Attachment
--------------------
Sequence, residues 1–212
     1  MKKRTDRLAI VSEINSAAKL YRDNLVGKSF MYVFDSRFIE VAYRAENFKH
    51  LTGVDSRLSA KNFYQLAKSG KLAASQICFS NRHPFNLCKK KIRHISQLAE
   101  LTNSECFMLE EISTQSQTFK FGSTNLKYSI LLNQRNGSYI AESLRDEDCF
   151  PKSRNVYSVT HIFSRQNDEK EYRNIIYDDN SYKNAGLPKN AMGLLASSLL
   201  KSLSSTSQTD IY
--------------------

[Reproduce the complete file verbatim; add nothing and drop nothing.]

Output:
Sequence, residues 1–212
     1  MKKRTDRLAI VSEINSAAKL YRDNLVGKSF MYVFDSRFIE VAYRAENFKH
    51  LTGVDSRLSA KNFYQLAKSG KLAASQICFS NRHPFNLCKK KIRHISQLAE
   101  LTNSECFMLE EISTQSQTFK FGSTNLKYSI LLNQRNGSYI AESLRDEDCF
   151  PKSRNVYSVT HIFSRQNDEK EYRNIIYDDN SYKNAGLPKN AMGLLASSLL
   201  KSLSSTSQTD IY